Continue Reading 28 September 2010 at 07:00 10 comments

P2P In Action – Lender and Borrower Connect

By Leigh Madeira, KF10 Ecuador

Seeing as it’s my final week in Ecuador, I decided to take Kiva’s commitment to P2P to the max by meeting a borrower who had actually received a loan that I personally made at the start of my Kiva adventure!  After reading Jose´s profile multiple times over the past few weeks, getting to meet him in person was by far one of the coolest things I have done so far as a Kiva Fellow, not just because we shared a connection through my loan, but because Jose has a very inspirational story and is living proof that microfinance works. 

Me with Jose in his store


26 April 2010 at 05:28 4 comments

Weaving a Microfinance Success Story…Without the Microfinance?

How did the Otavaleños, Ecuador’s most affluent indigenous group, become so successful? Did microfinance play a role in their development?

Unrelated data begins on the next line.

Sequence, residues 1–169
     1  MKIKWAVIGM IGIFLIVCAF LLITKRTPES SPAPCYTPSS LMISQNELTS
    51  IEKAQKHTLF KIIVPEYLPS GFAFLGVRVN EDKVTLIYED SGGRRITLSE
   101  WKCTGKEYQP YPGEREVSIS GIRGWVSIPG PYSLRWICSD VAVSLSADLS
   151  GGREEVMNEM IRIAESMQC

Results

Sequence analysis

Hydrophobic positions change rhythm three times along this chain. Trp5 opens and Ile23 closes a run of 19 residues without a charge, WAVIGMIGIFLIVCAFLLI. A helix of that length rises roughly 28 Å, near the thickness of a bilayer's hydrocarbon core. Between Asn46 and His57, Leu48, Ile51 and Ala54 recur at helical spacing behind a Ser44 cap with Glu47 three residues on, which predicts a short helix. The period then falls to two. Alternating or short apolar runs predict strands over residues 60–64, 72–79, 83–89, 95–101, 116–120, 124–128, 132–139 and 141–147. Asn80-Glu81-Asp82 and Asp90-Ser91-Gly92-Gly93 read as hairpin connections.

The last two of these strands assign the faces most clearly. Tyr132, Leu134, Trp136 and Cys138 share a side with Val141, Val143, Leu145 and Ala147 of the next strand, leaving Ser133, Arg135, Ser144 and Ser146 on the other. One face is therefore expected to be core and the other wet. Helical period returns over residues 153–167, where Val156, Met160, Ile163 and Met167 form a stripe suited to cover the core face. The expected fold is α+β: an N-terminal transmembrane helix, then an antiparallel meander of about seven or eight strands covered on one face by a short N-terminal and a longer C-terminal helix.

Continue Reading 13 April 2010 at 15:36 2 comments

It’s All About the Benjamins, Baby

Although it´s more like Sacagaweas here!

What in the world am I talking about? Well, today, March 13, 2010, is the ten-year anniversary of the US dollar being used in Ecuador. That´s right, most people are unaware that the official currency of Ecuador (and Panama and El Salvador to name a few others) is the United States Dollar.

Continue Reading 13 March 2010 at 05:26 3 comments

Kiva and its Field Partners: Myths and Misconceptions

The more I read the Kiva Fellows blog, the more I realize that there is a lot of controversy surrounding Kiva, its Field Partners, and microfinance in general. While I welcome the discussion, microfinance is a complicated concept and I have noticed that many times the criticisms are based on misconceptions of how Kiva and microfinance really work in the developing world. Below please find a list of the most common misconceptions surrounding the topic along with why, in my humble opinion, they are indeed myths.

Continue Reading 8 March 2010 at 06:47 9 comments